I-10: A major East-West interstate highway, it runs from California, enters Arizona, continues through Phoenix and Tucson and exits at the New Mexico border. I-17: It was the first freeway segment built in Phoenix. Although it does not go between states, it is the main freeway that takes people up to popular destinations in Northern Arizona, including the Grand Canyon.

PALO VERDE NUCLEAR GENERATING PLANT
Construction began in 1976; it was commissioned in 1988.

Palo Verde is the largest nuclear generating facility in the U.S., averaging more than 3.2 gigawatts of electrical power. Located in Wintersburg (45 miles west of Phoenix), it serves 4M people. APS owns 29.1% the plant and also operates it.

COLORADO RIVER DAM SYSTEM: GLEN CANYON AND HOOVER DAMS
Glen Canyon: Construction began in 1956 and the dam opened in 1966.

Hoover: Constructed between 1931 and 1936 during the Great Depression; it was dedicated on Sept. 30, 1935, by President Franklin D. Roosevelt
Glen Canyon: This dam is the second largest on the Colorado River at Page. Its main purpose includes generating electrical power, water storage and recreation activities. The dam generates an average of 451 megawatts, which contributes 6% of the total electricity generated in Arizona. The Colorado River caused the Glen Canyon, which lies to the north of the dam, to become flooded and has subsequently created the large reservoir called Lake Powell.  Hoover Dam: Once known as Boulder Dam, this concrete arch-gravity dam in the Black Canyon of the Colorado River sits on the border between Arizona and Nevada. The dam’s generators provide power for public and private utilities in Nevada, Arizona and California.

CENTRAL ARIZONA PROJECT
Construction began in 1973 and new and modified dams built as part of the project were completed in 1994.

The Central Arizona Project (CAP) is a 336-mile canal that diverts water from the Colorado River at Lake Havasu City into Central and Southern Arizona. It is the largest and most expensive aqueduct system ever built in the U.S.

PHOENIX SKY HARBOR INT’L AIRPORT
Sky Harbor has been operating under its current name prior to 1935, when it was purchased by the city of Phoenix. Terminal 1 was built in 1952.

Sky Harbor began serving American Airlines and Bonanza Air (Frontier Airlines) and TWA in the 1950s. Today Sky Harbor is the primary regional hub and Mexico gateway for Tempe-based US Airways, its largest operator. Both US Airways and Southwest Airlines  operate out of Sky Harbor’s Terminal 4, which handles about 80% of airport traffic.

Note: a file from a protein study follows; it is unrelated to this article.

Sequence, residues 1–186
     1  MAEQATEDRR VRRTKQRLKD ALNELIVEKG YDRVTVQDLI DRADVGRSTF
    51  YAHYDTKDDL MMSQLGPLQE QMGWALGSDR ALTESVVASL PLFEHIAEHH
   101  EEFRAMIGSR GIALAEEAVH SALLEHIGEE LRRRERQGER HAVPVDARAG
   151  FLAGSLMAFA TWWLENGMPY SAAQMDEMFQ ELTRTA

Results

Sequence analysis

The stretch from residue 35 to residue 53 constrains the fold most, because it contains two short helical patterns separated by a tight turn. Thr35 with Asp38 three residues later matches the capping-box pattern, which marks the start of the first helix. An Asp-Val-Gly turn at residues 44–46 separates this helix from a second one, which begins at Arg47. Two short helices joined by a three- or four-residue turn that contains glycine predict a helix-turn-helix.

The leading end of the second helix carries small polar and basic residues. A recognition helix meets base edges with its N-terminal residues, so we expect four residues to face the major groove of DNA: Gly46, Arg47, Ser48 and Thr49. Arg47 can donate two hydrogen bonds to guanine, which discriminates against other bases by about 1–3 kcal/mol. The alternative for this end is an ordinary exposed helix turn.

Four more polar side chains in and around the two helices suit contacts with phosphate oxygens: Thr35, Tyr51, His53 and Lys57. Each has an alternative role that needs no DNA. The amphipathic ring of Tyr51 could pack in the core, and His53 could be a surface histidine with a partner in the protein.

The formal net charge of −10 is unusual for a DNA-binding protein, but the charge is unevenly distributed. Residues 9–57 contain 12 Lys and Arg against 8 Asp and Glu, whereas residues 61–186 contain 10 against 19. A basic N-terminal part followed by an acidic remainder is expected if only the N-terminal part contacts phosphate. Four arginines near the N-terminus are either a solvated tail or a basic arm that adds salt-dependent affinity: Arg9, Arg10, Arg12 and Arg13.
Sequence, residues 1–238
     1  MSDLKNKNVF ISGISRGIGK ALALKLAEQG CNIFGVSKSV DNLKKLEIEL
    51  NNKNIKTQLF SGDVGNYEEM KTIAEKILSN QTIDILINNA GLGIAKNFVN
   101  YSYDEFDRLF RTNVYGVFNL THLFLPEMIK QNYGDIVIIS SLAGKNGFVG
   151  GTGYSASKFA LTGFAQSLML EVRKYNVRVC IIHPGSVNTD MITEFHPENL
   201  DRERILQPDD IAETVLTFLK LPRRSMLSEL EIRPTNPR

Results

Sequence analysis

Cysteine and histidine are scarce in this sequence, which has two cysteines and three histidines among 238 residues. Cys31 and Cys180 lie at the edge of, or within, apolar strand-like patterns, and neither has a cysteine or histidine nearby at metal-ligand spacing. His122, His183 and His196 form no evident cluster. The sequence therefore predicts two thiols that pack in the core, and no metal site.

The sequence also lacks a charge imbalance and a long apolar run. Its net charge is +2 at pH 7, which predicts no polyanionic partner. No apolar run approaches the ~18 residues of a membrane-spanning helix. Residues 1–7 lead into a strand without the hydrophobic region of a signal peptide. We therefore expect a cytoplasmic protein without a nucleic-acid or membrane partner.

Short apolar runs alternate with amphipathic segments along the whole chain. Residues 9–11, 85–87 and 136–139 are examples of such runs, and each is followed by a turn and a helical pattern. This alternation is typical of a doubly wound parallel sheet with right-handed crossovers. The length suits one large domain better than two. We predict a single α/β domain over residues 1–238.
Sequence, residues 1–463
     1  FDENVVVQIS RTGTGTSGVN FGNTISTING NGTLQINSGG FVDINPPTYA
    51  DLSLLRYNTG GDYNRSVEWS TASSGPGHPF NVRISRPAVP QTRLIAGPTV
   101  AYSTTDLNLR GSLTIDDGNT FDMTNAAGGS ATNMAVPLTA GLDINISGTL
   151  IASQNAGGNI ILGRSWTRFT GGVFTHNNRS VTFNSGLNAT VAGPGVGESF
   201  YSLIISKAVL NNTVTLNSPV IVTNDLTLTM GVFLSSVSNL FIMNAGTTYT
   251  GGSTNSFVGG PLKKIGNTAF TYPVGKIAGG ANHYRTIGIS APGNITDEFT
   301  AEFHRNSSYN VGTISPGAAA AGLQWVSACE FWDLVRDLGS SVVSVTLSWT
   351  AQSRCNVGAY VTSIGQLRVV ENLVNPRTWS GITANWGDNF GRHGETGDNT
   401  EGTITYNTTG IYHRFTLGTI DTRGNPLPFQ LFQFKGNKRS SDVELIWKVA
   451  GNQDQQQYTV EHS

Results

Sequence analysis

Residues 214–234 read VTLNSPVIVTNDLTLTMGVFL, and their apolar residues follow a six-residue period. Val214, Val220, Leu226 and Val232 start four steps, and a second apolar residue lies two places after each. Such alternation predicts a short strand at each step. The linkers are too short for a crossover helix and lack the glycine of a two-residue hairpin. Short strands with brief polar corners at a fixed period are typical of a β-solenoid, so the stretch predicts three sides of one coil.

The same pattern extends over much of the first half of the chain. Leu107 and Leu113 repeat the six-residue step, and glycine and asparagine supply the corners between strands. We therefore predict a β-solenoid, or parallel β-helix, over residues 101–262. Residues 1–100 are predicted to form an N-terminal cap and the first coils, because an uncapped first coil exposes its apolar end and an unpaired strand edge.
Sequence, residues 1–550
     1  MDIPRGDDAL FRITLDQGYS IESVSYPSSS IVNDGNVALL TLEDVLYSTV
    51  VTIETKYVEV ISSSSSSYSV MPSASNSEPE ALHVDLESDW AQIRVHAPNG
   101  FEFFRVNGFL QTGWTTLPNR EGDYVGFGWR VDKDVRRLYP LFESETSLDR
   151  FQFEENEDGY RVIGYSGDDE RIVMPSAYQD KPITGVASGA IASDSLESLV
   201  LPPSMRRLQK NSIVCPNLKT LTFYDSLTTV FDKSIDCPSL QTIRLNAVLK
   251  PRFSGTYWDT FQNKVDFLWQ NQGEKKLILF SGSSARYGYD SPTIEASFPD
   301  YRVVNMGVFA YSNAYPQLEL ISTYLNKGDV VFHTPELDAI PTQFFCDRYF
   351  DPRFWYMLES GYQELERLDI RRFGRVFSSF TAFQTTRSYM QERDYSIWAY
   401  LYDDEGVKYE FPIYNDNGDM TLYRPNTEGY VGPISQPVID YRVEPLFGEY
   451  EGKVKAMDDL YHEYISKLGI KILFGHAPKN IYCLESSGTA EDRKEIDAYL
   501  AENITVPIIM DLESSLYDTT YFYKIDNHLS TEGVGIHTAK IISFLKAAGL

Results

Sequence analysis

ARIZONA’S MILITARY BASES
Davis-Monthan AFB, Tucson: Established in 1935 as Davis-Monthan Landing Field; Luke AFB, Glendale: 1941; Williams AFB, Mesa (now Phoenix-Mesa Gateway Airport): Opened 1941 and closed in 1993.

D-M: The host unit at the base is the 355th Fighter Wing. It provides A-10 Thunderbolt II close-air support, which was crucial in the Gulf War. Luke: The 56th Fighter Wing (56 FW) is the host wing at Luke and is composed of four groups of 27 squadrons, including eight fighter squadrons. The base population includes about 7,000 military and civilian members and 15,000 family members. With about 80,000 retired military members living in Greater Phoenix, the base services a total population of more than 100,000. Williams: It was an active training base for the Army and the Air Force. Before closing in 1993, it was the leading pilot training center of the USAF, supplying 25% of its pilots. Since its closure it is now the civilian Phoenix-Mesa Gateway Airport.

ROOSEVELT LAKE AND DAM
Dedicated in March 1911 by President Theodore Roosevelt, for whom it was named.

This reservoir formed by Theodore Roosevelt Lake (now called Roosevelt Lake) and Roosevelt Dam on the Salt River is part of the Salt River Project (SRP). Located 80 miles northeast of Phoenix, the reservoir (created by a masonry dam) is the largest lake located entirely within the state of Arizona. Roosevelt Lake is a popular recreation destination within the Tonto National Forest. Roosevelt is the oldest of the six reservoirs constructed and operated by SRP. It also has the largest storage capacity of the SRP lakes, with the ability to store 1.6 M acre-feet of water.

METRO PHOENIX FREEWAY SYSTEM
Loop 101: 1988, completed in 2001 to the present; 202: 1990 to the present; State Route 51 (Piestewa Parkway): U.S. 60 (Superstition Freeway): Truck U.S. 60, 1966.

101: This semi-beltway encompasses much of Metro Phoenix and connects Valley suburbs, including Tolleson, Glendale, Peoria, Scottsdale, Mesa, Tempe and Chandler. 202: This beltway encompasses the East Valley and navigates and surrounds Tempe, Mesa, Chandler, and Gilbert, making it very vital to the area freeway system. 51: This is the only new freeway to be built through central Phoenix other than I-10. It was renamed from Squaw Peak Parkway to Piestewa Freeway in honor of Lori Piestewa, who was killed in Iraq. 60: Like most of the East-West U.S. routes, 60 was cut short of its final destination by the I-10.

SUN CITY, ARIZONA
Construction began in the 1960s as a Del Webb community and was built on what was once the ghost town of Marinette.

The Sun City development established Arizona as a state for retirees. Little has changed for the community in the past 40 years. However, as more people retired to the area, Del Webb began construction on Sun City West in the late-1970s, Sun City Grand in the late-1990s, Sun City Anthem in 1999, and Sun City Festival in July 2006.

AZRE Magazine March/April 2011